We left Fourni at 1245. The wind just outside the cove was fierce from the NNW with gusts of 35-38 knots and occasionally well over 40. We had at least one gust near 60! We raised the main sail on its 3rd reef and actually sailed very nicely since the wind was almost directly at our stern. Also, as I expected, after clearing Cape Agridio, the wind diminished to a more civilized 15-30 knots. We tried to open a small amount of the genoa but it was flapping too much and we gave up. Later we shook one reef and changed our course by a few degrees to allow us to use the genoa and thus gain some speed, as I did not want to increase the sail area over the 2nd reef. Altogether it was a rather pleasant downwind sail to Skala, Patmos [37° 19.4' N 26° 32.9' E] where we arrived at 1650 covering 18.4 M.
The kids gathered the sails and we motored into the harbor. It was half empty with plenty of spaces. The fuel dock was also free and we went there first. We docked very smoothly sideways and refueled, taking 49 L of fuel. Then we moored stern-to with Nicky handling the anchor and Ben the docking lines. It was a very easy maneuver especially since the water attendant and his girlfriend, the peripteron (kiosk) proprietor, were also helping. The kids are very good. They have caught on very fast, especially Nicky, to the boat routine. They are also very polite and considerate young men.
By the time we finished with the boat, it was too late for the kids to visit the famous Monastery of Saint John the Baptist. So they will be going in the morning. I located a wood shop near the stadium but the owner was not there so I, too, will come back in the morning to see if he can make a new tent pole.
We had dinner at the Pyrofani restaurant, mostly vegetarian fare plus a very nice sargos (a broad silver fish with a black tail). We even had μπάμιες (bamies - okra) which we all found delicious. After dinner we met the family from the boat next to us, Lady Christina, a Hallberg-Rassy 49 from Israel. They are on their way to the Ionian Sea. They come often to Greece, but they prefer the calmer Ionian to the meltemi of the Aegean. They told me that visiting Israel by boat would present no problems as there are now plenty of new marinas, especially near Tel Aviv.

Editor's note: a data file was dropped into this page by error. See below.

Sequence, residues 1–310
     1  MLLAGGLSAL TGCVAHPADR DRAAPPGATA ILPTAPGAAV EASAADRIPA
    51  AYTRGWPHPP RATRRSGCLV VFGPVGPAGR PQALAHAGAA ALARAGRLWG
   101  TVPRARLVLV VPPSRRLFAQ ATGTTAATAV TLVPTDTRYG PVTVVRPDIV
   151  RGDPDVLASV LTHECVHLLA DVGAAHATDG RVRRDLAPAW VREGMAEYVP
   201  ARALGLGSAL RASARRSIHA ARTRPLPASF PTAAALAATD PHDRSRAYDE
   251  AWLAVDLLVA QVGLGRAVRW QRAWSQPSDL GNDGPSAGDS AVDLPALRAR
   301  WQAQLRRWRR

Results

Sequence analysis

I spoke to Byron. He has tickets and will be in Samos on Saturday morning. We too will head to Agathonisi later tomorrow and to Pythagorio early on Saturday.
Friday July 24, 1998 Day 4
I woke the kids up so that they could visit the monastery and we could leave for Agathonisi before it got too late. While they were gone, I went to the wood shop but the owner said that the only hard wood he had was Iroko which was not suitable for a pole. He advised me to find a pole used by house painters for their brush. The store he directed me to had an assortment of poles but they were considerably thinner than the broken one. I bought one anyway. After some minor shopping, I returned to Thetis and started cleaning the water maker’s membrane with the alkaline solution. The kids came back while I was still at it so we had to wait until I was done before departing.
By 1120 we were ready and left the harbor without any difficulties. Lady Christina had already left at 8:00 before we had received the latest Navtex forecast. As I had promised them, I hailed them on the VHF and read them the forecast: 6-7 northerly for the Sea of Ikaria and 5-6 for the Samos Sea. They were very appreciative. We sailed the 20.6 M to Agathonisi with the full main and most of the genoa, arriving at 1540. On the way, while sailing at low speed (before opening the genoa) we took turns jumping into the water as it was very hot and the wind was light.